Abstract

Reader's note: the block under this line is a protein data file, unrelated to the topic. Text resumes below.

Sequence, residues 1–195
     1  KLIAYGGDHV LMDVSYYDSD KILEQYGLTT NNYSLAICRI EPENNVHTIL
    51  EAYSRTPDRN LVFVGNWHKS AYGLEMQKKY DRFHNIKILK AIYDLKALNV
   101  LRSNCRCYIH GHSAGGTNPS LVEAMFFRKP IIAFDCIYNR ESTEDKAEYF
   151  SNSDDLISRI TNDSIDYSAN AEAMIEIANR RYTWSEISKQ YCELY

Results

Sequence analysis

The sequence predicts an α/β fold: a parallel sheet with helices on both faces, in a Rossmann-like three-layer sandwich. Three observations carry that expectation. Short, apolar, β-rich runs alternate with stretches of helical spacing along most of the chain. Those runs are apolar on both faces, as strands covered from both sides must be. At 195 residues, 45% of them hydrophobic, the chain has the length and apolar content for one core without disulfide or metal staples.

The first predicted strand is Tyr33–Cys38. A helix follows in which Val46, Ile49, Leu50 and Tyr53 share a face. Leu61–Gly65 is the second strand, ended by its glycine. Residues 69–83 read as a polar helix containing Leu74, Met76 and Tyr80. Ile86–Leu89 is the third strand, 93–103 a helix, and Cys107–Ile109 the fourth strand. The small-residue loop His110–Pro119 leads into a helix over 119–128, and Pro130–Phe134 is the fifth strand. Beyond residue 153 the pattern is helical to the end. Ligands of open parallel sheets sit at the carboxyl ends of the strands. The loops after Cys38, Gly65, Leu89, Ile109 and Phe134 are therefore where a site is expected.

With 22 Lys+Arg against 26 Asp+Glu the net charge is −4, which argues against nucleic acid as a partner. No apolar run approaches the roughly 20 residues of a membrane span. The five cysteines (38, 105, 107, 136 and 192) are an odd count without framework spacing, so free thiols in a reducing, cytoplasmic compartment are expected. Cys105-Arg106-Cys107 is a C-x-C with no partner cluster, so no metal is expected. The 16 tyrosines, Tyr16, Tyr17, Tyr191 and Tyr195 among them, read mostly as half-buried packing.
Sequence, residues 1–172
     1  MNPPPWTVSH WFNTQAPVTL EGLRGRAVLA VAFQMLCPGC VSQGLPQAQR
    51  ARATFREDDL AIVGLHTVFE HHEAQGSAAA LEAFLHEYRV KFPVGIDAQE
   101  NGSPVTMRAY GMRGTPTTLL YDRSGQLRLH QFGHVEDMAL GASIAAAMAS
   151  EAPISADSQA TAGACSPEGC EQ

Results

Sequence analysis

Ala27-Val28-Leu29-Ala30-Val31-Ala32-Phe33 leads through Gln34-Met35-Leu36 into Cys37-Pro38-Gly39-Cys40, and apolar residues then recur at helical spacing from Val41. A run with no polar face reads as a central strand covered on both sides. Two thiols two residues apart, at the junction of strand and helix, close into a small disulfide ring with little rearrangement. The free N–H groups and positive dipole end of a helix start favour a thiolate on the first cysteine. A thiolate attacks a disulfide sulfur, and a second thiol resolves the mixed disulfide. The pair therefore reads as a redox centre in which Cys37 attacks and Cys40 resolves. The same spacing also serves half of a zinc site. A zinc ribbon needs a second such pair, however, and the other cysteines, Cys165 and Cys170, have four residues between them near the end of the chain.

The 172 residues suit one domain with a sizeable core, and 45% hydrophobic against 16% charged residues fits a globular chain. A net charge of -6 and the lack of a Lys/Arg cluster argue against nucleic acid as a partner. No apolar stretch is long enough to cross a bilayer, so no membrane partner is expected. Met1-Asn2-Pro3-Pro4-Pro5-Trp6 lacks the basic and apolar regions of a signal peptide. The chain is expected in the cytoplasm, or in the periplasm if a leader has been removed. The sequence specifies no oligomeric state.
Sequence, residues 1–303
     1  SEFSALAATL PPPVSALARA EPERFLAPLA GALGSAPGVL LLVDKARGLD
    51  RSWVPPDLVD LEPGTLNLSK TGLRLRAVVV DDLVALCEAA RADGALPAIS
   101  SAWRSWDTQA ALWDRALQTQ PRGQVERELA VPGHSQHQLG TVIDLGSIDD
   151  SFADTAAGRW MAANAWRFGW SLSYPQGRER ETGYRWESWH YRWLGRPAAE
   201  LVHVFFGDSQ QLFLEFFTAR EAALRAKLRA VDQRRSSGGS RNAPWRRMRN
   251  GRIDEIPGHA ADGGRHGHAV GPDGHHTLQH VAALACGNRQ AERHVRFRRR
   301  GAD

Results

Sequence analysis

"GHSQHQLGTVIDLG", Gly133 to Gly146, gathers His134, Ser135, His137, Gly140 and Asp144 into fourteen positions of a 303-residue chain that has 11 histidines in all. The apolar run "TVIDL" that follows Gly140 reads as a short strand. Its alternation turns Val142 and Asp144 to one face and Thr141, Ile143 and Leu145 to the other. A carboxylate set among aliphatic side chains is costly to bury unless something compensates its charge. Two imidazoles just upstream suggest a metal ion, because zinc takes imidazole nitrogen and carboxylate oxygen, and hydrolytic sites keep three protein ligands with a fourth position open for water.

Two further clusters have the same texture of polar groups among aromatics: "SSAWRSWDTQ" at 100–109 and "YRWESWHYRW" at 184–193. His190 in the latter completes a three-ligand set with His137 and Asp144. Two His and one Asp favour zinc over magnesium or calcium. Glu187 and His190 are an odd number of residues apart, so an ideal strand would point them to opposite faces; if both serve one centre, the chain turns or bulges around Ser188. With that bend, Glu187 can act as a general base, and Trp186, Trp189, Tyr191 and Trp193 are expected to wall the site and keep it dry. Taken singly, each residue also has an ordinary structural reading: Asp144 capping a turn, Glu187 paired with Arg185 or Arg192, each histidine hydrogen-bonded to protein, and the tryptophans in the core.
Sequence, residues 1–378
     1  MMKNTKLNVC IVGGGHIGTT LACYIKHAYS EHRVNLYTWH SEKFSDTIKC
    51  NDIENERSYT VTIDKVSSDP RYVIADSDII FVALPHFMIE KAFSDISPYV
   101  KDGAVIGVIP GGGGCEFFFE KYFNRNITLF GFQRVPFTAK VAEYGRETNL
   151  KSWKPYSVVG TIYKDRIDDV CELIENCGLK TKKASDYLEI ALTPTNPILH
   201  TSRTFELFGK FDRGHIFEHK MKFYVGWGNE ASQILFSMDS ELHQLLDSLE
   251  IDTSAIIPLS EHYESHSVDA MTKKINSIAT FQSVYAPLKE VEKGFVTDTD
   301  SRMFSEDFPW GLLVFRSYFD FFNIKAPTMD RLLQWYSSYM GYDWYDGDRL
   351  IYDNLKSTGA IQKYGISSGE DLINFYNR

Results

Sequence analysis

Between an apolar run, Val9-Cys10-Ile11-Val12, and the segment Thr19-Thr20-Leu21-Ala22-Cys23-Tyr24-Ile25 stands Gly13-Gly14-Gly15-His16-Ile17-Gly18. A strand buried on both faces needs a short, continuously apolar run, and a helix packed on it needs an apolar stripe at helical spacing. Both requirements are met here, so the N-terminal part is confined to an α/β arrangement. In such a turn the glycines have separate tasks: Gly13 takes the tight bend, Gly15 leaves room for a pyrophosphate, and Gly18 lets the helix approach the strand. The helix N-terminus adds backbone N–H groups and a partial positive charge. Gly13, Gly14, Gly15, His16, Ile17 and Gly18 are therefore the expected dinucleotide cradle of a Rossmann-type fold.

AbstractMiscanthus, a C4 perennial rhizomatous grass, is a low‐input energy crop suitable for marginal land, which cultivation can improve soil quality and promote soil organic carbon (SOC) sequestration. In this study, four promising Miscanthus hybrids were chosen to evaluate their short‐term potential, in six European marginal sites, to sequester SOC and improve physical, chemical, and biological soil quality in topsoil. Overall, no differences among Miscanthus hybrids were detected in terms of impacts on soil quality and SOC sequestration. SOC sequestration rate after 4 years was of +0.4 Mg C ha−1 year−1, but land‐use transition from former cropland or grassland showed contrasting SOC sequestration trajectories. In unfertilized marginal lands, cultivation of high‐yielding Miscanthus genotypes caused a depletion of K (−216 kg ha−1 year−1), followed by Ca (−56 kg ha−1 year−1), Mg (−102 kg ha−1 year−1) and to a lesser extent of N. On the contrary, the biological turnover of organic matter increased the available P content (+164 kg P2O5 ha−1 year−1). SOC content was identified as the main driver of changes in biological soil quality. High input of labile plant C stimulated an increment of microbial biomass and enzymatic activity. Here, a novel approach was applied to estimate C input to soil from different Miscanthus organs. Despite the high estimated plant C input to soil (0.98 Mg C ha−1 year−1), with significant differences among sites and Miscanthus hybrids, it was not identified as a driver of SOC sequestration. On the contrary, initial SOC and nutrients (N, P) content, as well as their elemental stoichiometric ratios with C, were the key factors controlling SOC dynamics. Introducing Miscanthus on marginal lands impacts positively soil biological quality over the short term, but targeted fertilization plans are needed to secure crop yield over the long term as well as the C sink capacity of this perennial cropping system.

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